New Tin Perovskites could be the Holy Grail of Solar Panel Materials

Why is the engineering world getting so excited about perovskites? Despite sounding like an Eastern European bird of prey (the name actually stems from Russian mineralogist, L.A. Perovski, and refers to compounds with the same crystal structure as calcium titanium oxide or CaTiO3), these versatile minerals are in fact the holy grail of solar panel materials.

What are perovskites exactly?

Science reports that, “Perovskites are a broad class of crystalline minerals that have been known for well over a century. But their ability to convert solar energy to electricity came to light only in 2009.

“Since then, the efficiency of perovskite solar cells has climbed from 3.8% to 19.3%, a pace of improvement unmatched by any other solar technology. By comparison, crystalline silicon solar cells, the leading commercial technology, convert about 25% of solar energy to electricity.”Perovskities for solar power

And yet, given all their promise of solar conversion efficiencies, their lead-based make up entails dubious environmental credentials. Lead toxicity and green energy solutions don't exactly mix. As a sustainable source of renewable energy perovskites have posed somewhat of a moral dilemma.

Until now that is, with new breakthroughs using...tin.

The pros and cons of tin-based perovskites

University researchers at Oxford and Northwestern have reported separate successes in developing tin-based perovskite solar cells. The plusses are that as a fellow group 14 element, tin bears enough similarities with its toxic relative to make it not only a safer alternative but also a cheaper one at that.

Sounds like a win win situation doesn't it? Yes and no. There is much instability in the force – well the tin-based perovskites actually. They can only be processed in an inert environment and their long term efficacy is also unknown. “The technology exists to manufacture these materials and once hermetically sealed for final use, the cells should be stable,” report

“How they will perform over the span of decades is less certain. Longevity, not just efficiency, is expected to be a key area of research as well,” they add.

Solar power plant

So they're fiddly to produce and raise questions of long term reliability. Surely they must pack a whole lot of solar-conversion-punch to get excited about?! Erm, no actually. Not yet. Currently tin-based perovskites are managing to squeeze out a modest 6% worth of energy conversion from sunlight.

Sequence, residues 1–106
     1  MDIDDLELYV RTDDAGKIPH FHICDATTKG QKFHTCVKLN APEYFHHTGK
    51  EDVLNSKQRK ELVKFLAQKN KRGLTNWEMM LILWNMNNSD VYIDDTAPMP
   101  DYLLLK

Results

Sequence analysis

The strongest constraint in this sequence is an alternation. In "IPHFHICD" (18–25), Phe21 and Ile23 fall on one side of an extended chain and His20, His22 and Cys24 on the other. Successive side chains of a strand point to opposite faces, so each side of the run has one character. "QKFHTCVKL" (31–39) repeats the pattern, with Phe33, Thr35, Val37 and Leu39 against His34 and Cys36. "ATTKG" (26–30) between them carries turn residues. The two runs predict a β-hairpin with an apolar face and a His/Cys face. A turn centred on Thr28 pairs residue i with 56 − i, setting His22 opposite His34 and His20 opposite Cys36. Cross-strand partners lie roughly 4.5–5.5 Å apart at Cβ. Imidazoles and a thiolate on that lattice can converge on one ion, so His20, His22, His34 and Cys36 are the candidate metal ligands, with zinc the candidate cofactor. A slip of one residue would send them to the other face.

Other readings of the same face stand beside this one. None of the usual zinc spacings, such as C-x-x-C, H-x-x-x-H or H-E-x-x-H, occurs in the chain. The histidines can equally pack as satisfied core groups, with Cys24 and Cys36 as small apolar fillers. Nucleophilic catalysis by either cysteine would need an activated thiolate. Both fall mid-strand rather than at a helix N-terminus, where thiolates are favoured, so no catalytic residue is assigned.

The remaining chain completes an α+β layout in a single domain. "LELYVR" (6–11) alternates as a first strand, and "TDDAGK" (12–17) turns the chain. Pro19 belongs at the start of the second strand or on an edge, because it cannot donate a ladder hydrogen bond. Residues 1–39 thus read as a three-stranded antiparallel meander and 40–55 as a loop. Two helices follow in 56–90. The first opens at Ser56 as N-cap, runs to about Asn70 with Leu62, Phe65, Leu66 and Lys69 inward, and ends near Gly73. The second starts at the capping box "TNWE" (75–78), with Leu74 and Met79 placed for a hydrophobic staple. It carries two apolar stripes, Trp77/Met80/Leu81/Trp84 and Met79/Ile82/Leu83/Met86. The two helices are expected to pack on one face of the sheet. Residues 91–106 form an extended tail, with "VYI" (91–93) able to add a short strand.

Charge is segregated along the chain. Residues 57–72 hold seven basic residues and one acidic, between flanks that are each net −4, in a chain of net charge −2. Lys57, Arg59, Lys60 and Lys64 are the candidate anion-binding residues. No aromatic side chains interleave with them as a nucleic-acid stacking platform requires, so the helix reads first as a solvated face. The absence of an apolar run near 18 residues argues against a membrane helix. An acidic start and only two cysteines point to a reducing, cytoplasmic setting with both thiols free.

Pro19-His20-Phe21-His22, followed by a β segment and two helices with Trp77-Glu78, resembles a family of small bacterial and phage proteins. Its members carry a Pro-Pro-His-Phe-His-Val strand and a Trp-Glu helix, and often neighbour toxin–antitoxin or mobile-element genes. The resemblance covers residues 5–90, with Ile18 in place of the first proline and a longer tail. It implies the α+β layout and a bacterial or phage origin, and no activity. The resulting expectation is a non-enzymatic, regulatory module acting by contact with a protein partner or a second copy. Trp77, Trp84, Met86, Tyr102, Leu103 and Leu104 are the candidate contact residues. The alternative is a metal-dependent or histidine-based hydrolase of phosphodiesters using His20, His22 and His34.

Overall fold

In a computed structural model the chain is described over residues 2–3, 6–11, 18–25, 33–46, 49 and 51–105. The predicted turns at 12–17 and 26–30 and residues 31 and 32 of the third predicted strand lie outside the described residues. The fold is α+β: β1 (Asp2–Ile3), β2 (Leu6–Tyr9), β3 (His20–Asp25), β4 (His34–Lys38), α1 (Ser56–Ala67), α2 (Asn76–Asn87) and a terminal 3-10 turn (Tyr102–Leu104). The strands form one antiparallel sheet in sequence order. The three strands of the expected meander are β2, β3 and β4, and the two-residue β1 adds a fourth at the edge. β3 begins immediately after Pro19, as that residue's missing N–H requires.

What does the future hold for these new perovskites then?

As with the renewables market as a whole, this is a slow-burn process – a view to the future if you will – that bears significant potential. “Tin perovskites might offer an insurance policy if lead perovskites do turn out to be an environmental problem,” IEEE Spectrum suggests.

“But looking for alternative metals is also smart science, because they might actually improve the cells’ performance. The tin-based cells, for example, actually produce a higher voltage than the original lead perovskite cells.”
Couple that with the fact that these 'eureka' discoveries have occurred at a much faster rate than with the pre-cursor lead technology and that 6% efficiency could very well shoot upwards at a rate of knots.

Science continues, “[...] that’s about how efficient leaded devices were only 3 years ago. So if the lead-free versions improve as quickly as their leaded cousins did, it could help propel perovskites into the marketplace.”

It's an intriguing prospect for sure. And one that Mercouri G. Kanatzidis, leader of the Northwestern research team, sees grounds for positivity looking ahead.

”Other scientists will see what we have done and improve on our methods,” Kanatzidis admits in Salon's recent account. “There is no reason this new material can’t reach an efficiency better than 15 percent, which is what the lead perovskite solar cell offers,” he said. Fingers crossed.

Watch this video on Perovskites - The emergence of cheaper, high efficiency solar cells:

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